"Very, very minor," Colonel Lauben replied. Mr. Bacque says they
   were less than one-tenth of 1 percent, with no explanation of how
   he arrived at such a figure.

   Neil Cameron, the producer of the BBC documentary about "Other
   Losses," told the conference that he had obtained from Mr. Bacque
   the tape of the interview. It seemed clear to Mr. Cameron that Mr.
   Bacque had got an old man to agree with words that Mr. Bacque used
   and then put in his mouth. Mr. Cameron did his own on-camera
   interview with Colonel Lauben; in it, Colonel Lauben said he was
   misled by Mr. Bacque and was wrong about the meaning of the term
   "other losses."

   David Hawkins of CNN wanted to do an interview with Colonel Lauben.
   Colonel Lauben turned him down, explaining in a letter "I'm not
   being difficult. I am 91 years old, legally blind, and my memory
   has lapsed to a point where it is quite unreliable. Furthermore I
   am under regular medical care. Often during my talk with Mr.
   Bacque I reminded him that my memory had deteriorated badly during
   the 40 odd years since 1945.

   "Mr. Bacque read to me figures...It seemed to me that, after
   accounting for transfers and discharges, there was nothing left to
   make up the grand total except deaths and escapes, i.e. the term
   'Other Losses.' I was mistaken."

   Thus, Mr. Bacque's only witness for the charge that "other losses"
   was a cover-up term for deaths has twice repudiated what Mr. Bacque
   maintains that he said.

   What then were the "other losses?" In many cases they were
   transfers from one zone to another, something that was regularly
   done for a variety of reasons, none of them sinister, and all duly
   recorded in footnotes on the weekly reports.

   But the greatest number of "other losses" is revealed in the August
   1945 Report of the Military Governor. (These monthly reports are in
   the Eisenhower Library in Abilene, Kan., in the National Archives
   in Washington and elsewhere; they are a basic source on every
   aspect of the occupation, including food shortages and prisoners.
   Mr. Bacque did not cite them and there is no evidence he examined
   them.) The August report lists the numbers of disarmed enemy forces
   discharged by American forces and those transferred to the British
   and French for forced labor.

   The report continues: "An additional group of 663,576 are listed as
   'other losses,' consisting largely of members of the Volksturm
   [Peoples' Militia], released without formal discharge."

   It takes little imagination to see what happened here. The People's
   Militia consisted of older men (up to 80 years of age, mainly World
   War I veterans) and boys of 16 or sometimes less. American guards
   and camp authorities told the old men to go home and take care of
   their grandchildren, the boys to go home and return to school.
   Along with the transfers to other zones that Mr. Bacque ignores,
   these people account for all the "missing million."

   In short, Mr. Bacque is wrong on every major charge and nearly all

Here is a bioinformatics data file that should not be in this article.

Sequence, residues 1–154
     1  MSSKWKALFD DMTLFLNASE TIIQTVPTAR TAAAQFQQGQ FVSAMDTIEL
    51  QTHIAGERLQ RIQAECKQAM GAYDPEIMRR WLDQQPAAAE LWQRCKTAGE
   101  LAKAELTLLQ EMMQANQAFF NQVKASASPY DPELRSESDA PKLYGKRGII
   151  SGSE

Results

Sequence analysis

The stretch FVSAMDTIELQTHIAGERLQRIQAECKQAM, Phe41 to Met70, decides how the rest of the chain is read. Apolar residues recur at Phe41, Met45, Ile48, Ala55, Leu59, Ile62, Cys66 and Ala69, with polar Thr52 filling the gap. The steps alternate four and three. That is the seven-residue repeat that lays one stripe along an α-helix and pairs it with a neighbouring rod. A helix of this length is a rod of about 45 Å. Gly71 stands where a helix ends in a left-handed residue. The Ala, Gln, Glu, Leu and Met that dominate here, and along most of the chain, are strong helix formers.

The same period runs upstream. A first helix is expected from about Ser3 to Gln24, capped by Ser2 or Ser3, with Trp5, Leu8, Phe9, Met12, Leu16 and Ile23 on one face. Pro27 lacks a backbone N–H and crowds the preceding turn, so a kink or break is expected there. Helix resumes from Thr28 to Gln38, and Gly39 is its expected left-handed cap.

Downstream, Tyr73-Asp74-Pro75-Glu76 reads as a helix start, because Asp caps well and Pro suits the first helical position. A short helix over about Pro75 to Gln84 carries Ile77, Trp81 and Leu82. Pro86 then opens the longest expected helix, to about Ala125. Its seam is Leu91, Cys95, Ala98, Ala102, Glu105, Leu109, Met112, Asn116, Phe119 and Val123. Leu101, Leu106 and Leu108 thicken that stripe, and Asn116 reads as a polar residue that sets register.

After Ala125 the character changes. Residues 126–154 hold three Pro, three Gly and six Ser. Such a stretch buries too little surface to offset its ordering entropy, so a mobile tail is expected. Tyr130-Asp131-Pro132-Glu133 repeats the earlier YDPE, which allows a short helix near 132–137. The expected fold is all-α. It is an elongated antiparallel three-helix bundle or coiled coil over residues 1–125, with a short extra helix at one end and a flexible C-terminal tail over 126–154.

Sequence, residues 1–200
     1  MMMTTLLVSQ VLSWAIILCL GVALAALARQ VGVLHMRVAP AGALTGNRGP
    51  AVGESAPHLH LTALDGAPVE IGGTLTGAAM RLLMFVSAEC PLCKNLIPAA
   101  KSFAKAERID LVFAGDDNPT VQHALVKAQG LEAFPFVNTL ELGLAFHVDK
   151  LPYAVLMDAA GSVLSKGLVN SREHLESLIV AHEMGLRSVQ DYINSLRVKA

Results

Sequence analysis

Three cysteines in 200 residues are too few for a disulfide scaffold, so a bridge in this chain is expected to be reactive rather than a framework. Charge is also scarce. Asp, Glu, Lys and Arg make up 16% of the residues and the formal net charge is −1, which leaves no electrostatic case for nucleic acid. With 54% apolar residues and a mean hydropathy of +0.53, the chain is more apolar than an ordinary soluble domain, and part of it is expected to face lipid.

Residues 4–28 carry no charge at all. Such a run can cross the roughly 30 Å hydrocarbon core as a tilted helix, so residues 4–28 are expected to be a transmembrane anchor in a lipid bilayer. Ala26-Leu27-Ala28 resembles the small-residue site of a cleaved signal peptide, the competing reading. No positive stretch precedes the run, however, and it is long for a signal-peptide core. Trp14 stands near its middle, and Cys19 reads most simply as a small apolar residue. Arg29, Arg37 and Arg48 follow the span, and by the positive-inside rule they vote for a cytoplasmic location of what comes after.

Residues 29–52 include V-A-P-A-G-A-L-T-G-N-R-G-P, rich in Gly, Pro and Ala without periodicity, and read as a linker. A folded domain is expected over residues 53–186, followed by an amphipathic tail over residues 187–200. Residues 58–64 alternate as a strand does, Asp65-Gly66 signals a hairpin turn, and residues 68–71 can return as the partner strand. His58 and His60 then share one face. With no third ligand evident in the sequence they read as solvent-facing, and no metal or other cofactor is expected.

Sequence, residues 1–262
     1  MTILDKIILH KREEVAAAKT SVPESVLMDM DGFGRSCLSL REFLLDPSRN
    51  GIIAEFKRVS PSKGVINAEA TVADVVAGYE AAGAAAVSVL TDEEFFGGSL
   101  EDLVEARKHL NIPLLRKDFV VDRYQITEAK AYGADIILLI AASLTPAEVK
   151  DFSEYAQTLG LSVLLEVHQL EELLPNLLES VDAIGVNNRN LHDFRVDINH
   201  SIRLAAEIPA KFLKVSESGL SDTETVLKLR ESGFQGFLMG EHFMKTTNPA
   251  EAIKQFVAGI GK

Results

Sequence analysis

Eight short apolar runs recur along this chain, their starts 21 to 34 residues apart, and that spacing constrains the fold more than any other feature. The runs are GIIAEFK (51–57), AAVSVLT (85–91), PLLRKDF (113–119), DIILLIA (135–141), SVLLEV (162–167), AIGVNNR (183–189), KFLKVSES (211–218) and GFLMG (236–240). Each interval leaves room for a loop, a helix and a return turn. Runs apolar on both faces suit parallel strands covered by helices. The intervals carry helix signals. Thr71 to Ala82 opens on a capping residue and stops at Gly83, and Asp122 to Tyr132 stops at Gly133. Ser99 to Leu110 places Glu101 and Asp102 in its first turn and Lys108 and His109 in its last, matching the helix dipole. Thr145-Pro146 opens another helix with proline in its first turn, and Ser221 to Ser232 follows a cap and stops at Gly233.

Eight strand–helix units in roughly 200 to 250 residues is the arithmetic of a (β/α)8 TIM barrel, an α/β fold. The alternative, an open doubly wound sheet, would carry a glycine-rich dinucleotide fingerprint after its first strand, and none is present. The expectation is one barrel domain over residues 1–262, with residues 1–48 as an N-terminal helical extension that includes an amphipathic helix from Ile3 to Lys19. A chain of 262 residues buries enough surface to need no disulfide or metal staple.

his minor ones. Eisenhower was not a Hitler, he did not run death
   camps, German prisoners did not die by the hundreds of thousands,
   there was a severe food shortage in 1945, there was nothing
   sinister or secret about the "disarmed enemy forces" designation or
   about the column "other losses." Mr. Bacque's "missing million"
   were old men and young boys in the militia.

   Nevertheless, Mr. Bacque makes a point that is irrefutable: some
   American G.I.'s and their officers were capable of acting in almost
   as brutal a manner as the Nazis. We did not have a monopoly on
   virtue. He has challenged us to reopen the question, to do the
   research required, to get at the full truth. For that contribution,
   he deserves thanks. But as to how he presented his discovery, I
   turn again to Albert Cowdrey: "Surely the author has reason to be
   satisfied with his achievement. He has no reputation as a historian
   to lose, and "Other Losses" can only enhance his standing as a
   writer of fiction."

   There remains, finally, the larger issue. It took a conference of
   experts to challenge Mr. Bacque's charges. Individual scholars have
   hesitated to take him on because to do so required checking through
   his research - in effect, rewriting his book. Instead, many of them
   have said in their reviews in Britain, France, Germany and Canada
   that they cannot believe what Mr. Bacque says about Eisenhower is
   true, but they cannot disprove it. Mr. Bacque has all the
   paraphernalia of scholarship; it looks impressive enough to
   bamboozle even scholars.

   Under these circumstances, what is a lay reader to do? I suggest
   that he or she trust common sense. As when confronting the
   Holocaust-never-happened school, ask the obvious questions. If the
   answers aren't clear, the charges have not been proved. In Mr.
   Bacque's case, two such questions are: Where are the bodies? and Is
   this book consistent with our picture of Eisenhower's character as
   we know it from innumberable other sources? Ultimately, in cases
   such as this one, it is often the obvious questions that bring us
   closest to the truth.